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[SYDNEY] The Australian dollar slipped on Wednesday after fourth-quarter inflation came in below expectations, underlining the risk that interest rates were still more likely to move down than up this year.
The Australian dollar fell 0.5 per cent to touch a low of US$0.7535. The retreat from US$0.7597 came after official data showed consumer prices rose 0.5 per cent in the quarter, below expectations for a 0.7 per cent rise.
Underlying inflation also missed forecasts with a 0.4 per cent rise, though the annual pace held around 1.5 per cent.
The subdued figures saw the Aussie clock its sharpest decline in a week. The currency had been on an uptrend since the beginning of January, hitting a 2-1/2 month peak of US$0.7609 earlier this week.
"It keeps the prospect of another rate cut well and truly alive," said Shane Oliver, chief economist at AMP Capital.
"These numbers highlight the downside risks to inflation in Australia and the risk that it will take longer to get back to the 2-3 per cent target for inflation."
Underlying inflation has languished below the central bank's target range since the first quarter of 2016, prompting two rate cuts since.
The futures market still sees only a 16 per cent chance of another cut by July, although the prospect of a rate hike later in the year is also slowly fading.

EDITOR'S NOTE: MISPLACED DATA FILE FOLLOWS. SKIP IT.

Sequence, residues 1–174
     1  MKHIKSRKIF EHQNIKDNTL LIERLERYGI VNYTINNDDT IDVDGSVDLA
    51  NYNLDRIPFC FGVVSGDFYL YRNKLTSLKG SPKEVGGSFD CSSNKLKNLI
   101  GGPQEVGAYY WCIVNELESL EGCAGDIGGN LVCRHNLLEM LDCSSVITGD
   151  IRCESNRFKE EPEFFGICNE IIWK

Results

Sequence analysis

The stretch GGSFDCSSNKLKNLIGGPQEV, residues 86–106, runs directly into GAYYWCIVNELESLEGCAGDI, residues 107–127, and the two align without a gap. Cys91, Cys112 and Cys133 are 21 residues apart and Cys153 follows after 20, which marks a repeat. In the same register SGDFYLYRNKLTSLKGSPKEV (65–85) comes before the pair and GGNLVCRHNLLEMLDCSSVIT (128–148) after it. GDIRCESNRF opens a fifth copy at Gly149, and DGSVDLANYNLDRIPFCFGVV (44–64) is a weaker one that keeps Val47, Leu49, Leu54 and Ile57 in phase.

The Aussie slipped 0.4 per cent against its New Zealand cousin and also underperformed the euro and the pound.
The pound rose 0.8 per cent after the British Supreme Court ruled that the government must go through parliament to trigger talks on leaving the European Union.
The New Zealand dollar stood at US$0.7244, hovering near a ten-week high of US$0.7276 hit the previous day.
Investors will keep a close eye on New Zealand consumer price data on Thursday for confirmation inflation had returned to the central bank's target range.
New Zealand, like its Antipodean cousin, has also been struggling with anaemic inflation, forcing the central bank to cut rates three times last year.
New Zealand government bonds eased, sending yields 7.5 basis points higher at the long end of the curve.
Australian government bond futures were mixed, with the three-year bond contract unchanged at 98.010. The 10-year contract fell three ticks to 97.2450.